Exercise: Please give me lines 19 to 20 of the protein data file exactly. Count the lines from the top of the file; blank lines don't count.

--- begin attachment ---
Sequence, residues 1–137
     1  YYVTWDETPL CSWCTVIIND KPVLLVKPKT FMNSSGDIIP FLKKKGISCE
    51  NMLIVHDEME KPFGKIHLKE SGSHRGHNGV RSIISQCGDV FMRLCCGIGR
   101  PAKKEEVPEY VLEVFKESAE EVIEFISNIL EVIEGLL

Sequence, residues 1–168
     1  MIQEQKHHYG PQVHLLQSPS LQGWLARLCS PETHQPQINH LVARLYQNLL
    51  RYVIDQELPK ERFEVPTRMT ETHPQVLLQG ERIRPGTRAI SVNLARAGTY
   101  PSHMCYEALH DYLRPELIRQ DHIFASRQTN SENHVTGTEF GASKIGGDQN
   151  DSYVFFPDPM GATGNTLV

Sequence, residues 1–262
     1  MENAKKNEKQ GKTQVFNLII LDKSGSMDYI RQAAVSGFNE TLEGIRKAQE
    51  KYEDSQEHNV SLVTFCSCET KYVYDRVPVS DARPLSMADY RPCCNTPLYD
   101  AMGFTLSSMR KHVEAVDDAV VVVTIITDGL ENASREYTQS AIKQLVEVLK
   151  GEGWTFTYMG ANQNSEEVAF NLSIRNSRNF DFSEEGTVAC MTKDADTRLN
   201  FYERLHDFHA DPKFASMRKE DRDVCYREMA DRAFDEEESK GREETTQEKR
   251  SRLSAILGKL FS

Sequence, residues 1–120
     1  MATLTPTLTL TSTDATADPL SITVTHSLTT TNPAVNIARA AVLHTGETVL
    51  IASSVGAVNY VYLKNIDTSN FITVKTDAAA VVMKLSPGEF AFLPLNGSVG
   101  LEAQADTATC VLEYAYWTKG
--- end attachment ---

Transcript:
    51  IASSVGAVNY VYLKNIDTSN FITVKTDAAA VVMKLSPGEF AFLPLNGSVG
   101  LEAQADTATC VLEYAYWTKG